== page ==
Actually, only the House has such a heavy schedule. The Senate's in eight days.
But that's plenty of time to extend gun rights, restrict abortion rights and create a legal crisis around the right to vote.
Oh, wait. They already did all that.
So maybe now they'll privatize the sale of liquor and wine or address the coming fiscal crisis over public-worker pensions or find funding to start fixing infrastructure such as the state's 4,774 "structurally deficient" bridges.
Maybe they'll do some lesser things.
There are bills floating around on prison reform, charter-school reform, capital-spending reform and the like.
But if history's a guide, and in this state it usually is, it's more likely that in an election year your electeds will (a) take up nothing to draw attention to them so that (b) they can get out of the capital and back to campaigning for re-election.
Hey, it works for Congress: Do nothing, go home, run for re-election.
Just make sure you have your photo ID when you go to give all these folks another term.
Speaking of which, here we go again.
Commonwealth Judge Robert Simpson, who in August was more than happy to kick the photo-ID mess upstairs to the Supreme Court, sits on the issue again since the high court last week dropped it back in his lap.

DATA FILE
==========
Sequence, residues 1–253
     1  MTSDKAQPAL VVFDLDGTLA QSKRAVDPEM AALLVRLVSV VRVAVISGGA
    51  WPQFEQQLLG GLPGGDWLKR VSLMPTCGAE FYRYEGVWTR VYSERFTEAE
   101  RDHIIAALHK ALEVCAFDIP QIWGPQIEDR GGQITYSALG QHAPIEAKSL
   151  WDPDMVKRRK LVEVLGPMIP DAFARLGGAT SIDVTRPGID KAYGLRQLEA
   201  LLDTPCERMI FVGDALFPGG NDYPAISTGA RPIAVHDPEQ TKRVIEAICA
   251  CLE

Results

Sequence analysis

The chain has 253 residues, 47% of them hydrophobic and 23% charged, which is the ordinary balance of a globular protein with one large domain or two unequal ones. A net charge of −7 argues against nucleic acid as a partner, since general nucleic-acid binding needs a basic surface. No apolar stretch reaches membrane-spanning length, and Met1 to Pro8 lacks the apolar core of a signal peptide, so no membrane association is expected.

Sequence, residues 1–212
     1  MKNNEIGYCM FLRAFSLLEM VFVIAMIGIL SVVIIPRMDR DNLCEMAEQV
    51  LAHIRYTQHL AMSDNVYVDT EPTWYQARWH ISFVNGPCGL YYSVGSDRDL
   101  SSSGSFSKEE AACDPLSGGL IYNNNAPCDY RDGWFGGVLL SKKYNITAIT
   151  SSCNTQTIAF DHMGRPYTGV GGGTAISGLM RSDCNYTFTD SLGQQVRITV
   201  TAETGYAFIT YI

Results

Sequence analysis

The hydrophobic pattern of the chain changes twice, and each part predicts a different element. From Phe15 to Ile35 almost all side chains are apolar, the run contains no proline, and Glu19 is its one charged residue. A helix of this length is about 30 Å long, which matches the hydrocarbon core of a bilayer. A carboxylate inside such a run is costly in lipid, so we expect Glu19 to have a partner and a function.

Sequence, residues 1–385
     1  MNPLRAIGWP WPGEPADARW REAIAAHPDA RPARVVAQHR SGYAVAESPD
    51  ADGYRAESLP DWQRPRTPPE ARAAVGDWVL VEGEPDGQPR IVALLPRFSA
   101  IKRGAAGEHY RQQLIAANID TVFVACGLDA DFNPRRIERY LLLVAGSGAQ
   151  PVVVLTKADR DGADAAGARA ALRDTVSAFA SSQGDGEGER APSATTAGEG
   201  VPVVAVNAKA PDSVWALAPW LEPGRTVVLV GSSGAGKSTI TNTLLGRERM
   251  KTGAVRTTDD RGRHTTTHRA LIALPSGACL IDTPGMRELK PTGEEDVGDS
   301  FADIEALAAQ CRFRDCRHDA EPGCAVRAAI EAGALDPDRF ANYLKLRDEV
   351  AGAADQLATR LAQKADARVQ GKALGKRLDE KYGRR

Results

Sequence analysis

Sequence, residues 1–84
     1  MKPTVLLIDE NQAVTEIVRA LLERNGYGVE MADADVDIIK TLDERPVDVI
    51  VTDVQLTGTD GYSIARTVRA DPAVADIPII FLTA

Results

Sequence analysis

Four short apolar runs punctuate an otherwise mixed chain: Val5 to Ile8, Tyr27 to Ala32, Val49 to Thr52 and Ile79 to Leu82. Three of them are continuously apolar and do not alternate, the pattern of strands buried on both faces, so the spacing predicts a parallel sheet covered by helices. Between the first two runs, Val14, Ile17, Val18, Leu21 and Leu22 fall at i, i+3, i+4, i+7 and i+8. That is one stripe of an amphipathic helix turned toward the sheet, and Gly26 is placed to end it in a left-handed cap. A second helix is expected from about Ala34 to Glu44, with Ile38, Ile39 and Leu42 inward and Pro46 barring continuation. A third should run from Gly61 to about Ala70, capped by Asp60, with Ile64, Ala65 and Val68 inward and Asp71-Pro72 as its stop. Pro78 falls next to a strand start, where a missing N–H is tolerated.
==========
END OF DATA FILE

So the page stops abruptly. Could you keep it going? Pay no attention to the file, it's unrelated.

He's scheduled a 10 a.m.-to-5 p.m. session Tuesday and reserved Thursday if needed. He's charged with making another ruling on or before Oct. 2.
This means we face another round of, yes, the state can provide all required IDs and protect everyone's right to vote, versus, no, the state has created a mess that threatens voting rights.
By the way, did anyone really think PennDOT, the same agency overseeing 4,774 "structurally deficient" bridges, would handle this issue efficiently?
Not that PennDOT should get all the blame.
That the courts are still trying to sort out whether the Legislature and the Corbett administration endangered voting rights by requiring back in March photo ID by November tells you something about how well the law was thought out and executed.
But then this is the same Legislature and court system that couldn't get required-every-10-years redistricting done, meaning that this year's elections for state House and Senate are based on demographics a decade out of date.
So on redistricting, we get a federal lawsuit alleging unconstitutional representation, especially in Philly and especially among Latino populations. Because, come on, the state's changing, the makeup of the Legislature should reflect that.
And on voter ID, we get ongoing litigation because the argument for the immediate need of the law is weak and because its implementation seems to be going about as smoothly as the landing of the Hindenburg.
On a brighter note - no, wait, there aren't any bright notes - your Legislature and judiciary are back in action this week.
Contact John Baer at email@example.com. For his recent columns, go to philly.com/JohnBaer. Read his blog at philly.com/BaerGrowls.